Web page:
Deconstructing the Doomsday Clock #3

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Doomsday Clock 3

Where we are:

Gotham City, after Ozymandias and Rorschach II have taken Earth-Watchmen villains Mime and Marionette on board the Owlship to seek out Doctor Manhattan. Looking to confide with the two smartest men on this new Earth, Ozymandias went to consult with Lex Luthor while Rorschach II went to see Bruce Wayne. While at Lexcorp, Ozymandias is confronted by the deceased Comedian, who shoots Lex. And Rorschach II finds the Batcave after having eaten Bruce's pancakes.


It would appear that when Ozymandias threw Edward Blake, aka The Comedian, through his apartment window, his body was teleported before the impact with the sidewalk and replaced with an exact duplicate -- both things within Doctor Manhattan's capabilities. Blake's actual body landed in the water outside of Metropolis, where Doctor Manhattan gave him instructions.

As Ozymandias and The Comedian fight, Ozymandias escapes through the window, barely surviving the controlled fall while cradling the young Bubastis II. We don't see any more of him this issue.

At Wayne Manor, Rorschach II gives up trying to explain what he's doing to Batman and instead hands him the first Rorschach's journal. Batman provides Rorschach II with an opportunity to clean up and rest while he reviews the journal, and we learn that this new Rorschach was a taxi driver at ground zero of the Watchmen "invasion" event. (He even has an action figure Bubastis hanging from his rearview mirror.)

When Rorschach II awakens, Batman says he has completed the journal and knows where Doctor Manhattan is, claiming to have tracked a temporal anomaly to Arkham Asylum. With Rorschach II in tow, they sneak into the asylum and find an empty cell, which Batman claims to be the source of the emanations. However, when Rorschach II enters the cell, Batman closes the door behind him, apologizing but claiming that Rorschach II belongs in here. (Note: In Gotham City, apparently Batman has the authority to commit people to Arkham without benefit of a doctor.)

The Mime and Marionette have escaped their bonds in the Owlship and are free to wreak havoc. They leave the abandoned amusement park, passing freak show posters -- one of which is for Ramses the Monkey Man. (Note: Rameses II is an alternate identity for the historical Ozymandias.) They find a bar and are instantly singled out because they are both wearing make-up, which apparently "the boss" frowns upon. The bar is frequented by goons of The Joker. A fight breaks out, in which Mime and Marionette are fatally victorious. We see that Mime does indeed have weapons, and those weapons are invisible -- something new from the WATCHMEN universe. So the guns he holds, the knives he wields, the lock-picks he carries -- they are all physical objects that we simply cannot see.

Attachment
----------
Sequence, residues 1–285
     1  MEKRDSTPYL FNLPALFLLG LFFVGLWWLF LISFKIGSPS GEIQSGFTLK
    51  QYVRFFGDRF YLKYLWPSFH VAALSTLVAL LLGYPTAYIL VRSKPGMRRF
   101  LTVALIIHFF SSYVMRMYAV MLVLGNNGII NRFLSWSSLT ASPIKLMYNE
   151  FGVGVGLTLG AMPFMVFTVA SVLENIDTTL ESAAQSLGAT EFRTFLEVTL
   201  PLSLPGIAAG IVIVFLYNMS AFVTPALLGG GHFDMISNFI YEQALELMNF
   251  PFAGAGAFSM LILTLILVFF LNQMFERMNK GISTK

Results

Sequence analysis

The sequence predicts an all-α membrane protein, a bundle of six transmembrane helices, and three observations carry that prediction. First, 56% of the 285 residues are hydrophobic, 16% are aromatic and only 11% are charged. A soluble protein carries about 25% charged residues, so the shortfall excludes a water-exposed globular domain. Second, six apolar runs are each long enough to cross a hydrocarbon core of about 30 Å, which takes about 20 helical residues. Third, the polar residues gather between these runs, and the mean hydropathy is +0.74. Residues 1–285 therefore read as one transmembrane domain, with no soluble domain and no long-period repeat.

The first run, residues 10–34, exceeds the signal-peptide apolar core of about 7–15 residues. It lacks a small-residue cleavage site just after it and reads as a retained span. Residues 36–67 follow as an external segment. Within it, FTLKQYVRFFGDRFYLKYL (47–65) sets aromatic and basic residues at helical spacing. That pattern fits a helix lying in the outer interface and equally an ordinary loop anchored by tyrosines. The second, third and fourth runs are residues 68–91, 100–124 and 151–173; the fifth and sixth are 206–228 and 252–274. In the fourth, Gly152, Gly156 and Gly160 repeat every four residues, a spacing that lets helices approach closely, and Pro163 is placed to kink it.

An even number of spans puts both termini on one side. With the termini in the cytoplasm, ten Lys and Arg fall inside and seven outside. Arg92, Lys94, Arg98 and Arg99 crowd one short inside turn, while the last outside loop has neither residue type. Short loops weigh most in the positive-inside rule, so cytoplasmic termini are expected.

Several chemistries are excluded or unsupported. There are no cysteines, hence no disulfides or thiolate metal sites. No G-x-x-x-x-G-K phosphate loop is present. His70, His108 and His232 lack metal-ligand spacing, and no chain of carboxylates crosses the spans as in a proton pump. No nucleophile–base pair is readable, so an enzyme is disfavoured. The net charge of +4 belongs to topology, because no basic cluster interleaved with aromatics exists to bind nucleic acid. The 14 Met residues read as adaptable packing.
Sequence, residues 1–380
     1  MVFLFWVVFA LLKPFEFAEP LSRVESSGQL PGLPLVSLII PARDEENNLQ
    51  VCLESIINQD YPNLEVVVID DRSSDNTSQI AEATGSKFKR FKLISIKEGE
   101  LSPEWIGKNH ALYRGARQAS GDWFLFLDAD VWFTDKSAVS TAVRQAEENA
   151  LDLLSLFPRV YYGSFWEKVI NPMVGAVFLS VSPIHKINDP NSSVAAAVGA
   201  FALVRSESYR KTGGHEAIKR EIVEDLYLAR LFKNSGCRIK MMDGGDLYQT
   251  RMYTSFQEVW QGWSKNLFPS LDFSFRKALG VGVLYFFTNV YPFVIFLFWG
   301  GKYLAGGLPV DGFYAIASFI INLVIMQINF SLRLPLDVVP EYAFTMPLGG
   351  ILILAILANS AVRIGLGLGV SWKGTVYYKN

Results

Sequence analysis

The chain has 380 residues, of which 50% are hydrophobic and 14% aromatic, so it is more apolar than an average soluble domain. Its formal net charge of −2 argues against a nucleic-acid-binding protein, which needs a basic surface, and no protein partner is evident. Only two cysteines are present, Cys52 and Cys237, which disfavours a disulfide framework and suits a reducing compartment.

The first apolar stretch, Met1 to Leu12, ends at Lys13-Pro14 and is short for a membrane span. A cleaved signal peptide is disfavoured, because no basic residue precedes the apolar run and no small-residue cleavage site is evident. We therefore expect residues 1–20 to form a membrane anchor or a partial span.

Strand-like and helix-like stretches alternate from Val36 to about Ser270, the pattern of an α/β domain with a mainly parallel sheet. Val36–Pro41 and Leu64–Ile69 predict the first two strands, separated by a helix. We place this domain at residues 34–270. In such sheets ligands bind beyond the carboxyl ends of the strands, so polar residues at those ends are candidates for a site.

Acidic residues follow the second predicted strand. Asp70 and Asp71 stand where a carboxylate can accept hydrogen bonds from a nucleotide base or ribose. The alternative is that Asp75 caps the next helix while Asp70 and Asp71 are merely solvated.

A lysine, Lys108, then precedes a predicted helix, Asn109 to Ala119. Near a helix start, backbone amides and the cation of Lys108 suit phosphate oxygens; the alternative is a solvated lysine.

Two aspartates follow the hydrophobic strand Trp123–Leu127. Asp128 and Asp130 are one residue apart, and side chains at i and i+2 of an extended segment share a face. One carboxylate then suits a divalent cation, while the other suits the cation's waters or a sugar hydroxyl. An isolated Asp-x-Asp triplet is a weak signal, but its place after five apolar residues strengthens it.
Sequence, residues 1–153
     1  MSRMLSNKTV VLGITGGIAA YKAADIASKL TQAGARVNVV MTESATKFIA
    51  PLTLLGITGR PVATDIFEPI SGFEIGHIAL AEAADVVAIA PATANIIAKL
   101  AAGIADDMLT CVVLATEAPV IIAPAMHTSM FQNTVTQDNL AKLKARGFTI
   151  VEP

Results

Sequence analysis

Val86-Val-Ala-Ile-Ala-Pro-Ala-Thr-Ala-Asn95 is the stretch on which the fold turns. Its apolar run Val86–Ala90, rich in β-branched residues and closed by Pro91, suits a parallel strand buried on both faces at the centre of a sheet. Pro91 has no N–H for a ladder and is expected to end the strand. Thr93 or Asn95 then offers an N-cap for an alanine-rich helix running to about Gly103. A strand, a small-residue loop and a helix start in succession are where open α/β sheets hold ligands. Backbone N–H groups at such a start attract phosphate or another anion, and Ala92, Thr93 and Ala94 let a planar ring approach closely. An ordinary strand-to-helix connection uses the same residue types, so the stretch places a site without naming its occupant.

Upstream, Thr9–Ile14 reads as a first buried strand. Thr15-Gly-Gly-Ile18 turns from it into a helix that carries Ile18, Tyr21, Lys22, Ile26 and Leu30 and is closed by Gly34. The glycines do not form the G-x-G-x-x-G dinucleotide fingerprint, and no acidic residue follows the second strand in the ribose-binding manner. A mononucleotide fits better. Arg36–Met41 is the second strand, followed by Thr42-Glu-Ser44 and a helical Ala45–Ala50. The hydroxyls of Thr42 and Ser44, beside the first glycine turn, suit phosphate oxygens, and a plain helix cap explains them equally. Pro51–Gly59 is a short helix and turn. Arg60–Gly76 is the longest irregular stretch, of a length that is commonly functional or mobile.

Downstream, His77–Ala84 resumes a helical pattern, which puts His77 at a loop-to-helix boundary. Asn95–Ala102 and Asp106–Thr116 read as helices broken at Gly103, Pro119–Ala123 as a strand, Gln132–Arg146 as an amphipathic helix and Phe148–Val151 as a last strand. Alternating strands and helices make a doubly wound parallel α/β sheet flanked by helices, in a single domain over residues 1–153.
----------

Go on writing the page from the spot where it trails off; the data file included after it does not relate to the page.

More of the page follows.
After having dispatched of the goons, Mime and Marionette have a drink and decide to go off to find this "Joker" who runs the joint.

Finally, we have our "story within the story." Just as WATCHMEN had "Tales of the Black Freighter," DOOMSDAY CLOCK apparently has it's NATHANIEL DUSK marathon, starring Carver Colman. We see bits and pieces of this murder mystery on the television set of a retirement home, as it gets switched back and forth from the story to news coverage of world events, specifically the metahumans who are coming forward and claiming that they were created by the government. We learn that over ninety percent of all metahumans are Americans created after the arrival of Superman, and that other countries are in a metahuman arms race to create their own super beings.

Off to the side of these events in the home stands an aging Johnny Thunder, who has rare moments of lucidity where he remembers a life with the Justice Society. Tonight he stares longingly out the window waiting for his granddaughter and her son to visit, who never arrive.

Finally, there's the backup piece of text, this time a Hollywood tabloid story about the murder of Carver Colman and his life. In sidebar notes, we learn about the birth of Rita Farr, a conspiracy in the death of Sgt Rock, and reference to John Law and Libby Lawrence (aka Justice Society members Tarantula and Liberty Belle).

Some of these events are things that have been dangling out there since May 2016 without resolution. At some point, you have to wonder when the foreplay is going to end and some actual gratification take place, some payoff for our months of investment. And just to draw out the tease, DC has announced that DOOMSDAY CLOCK is going to enter a bi-monthly schedule, apparently trying to mirror WATCHMEN so closely that I suspect there will be a six-month publication gap between issues 11 and 12.

4.0 / 5.0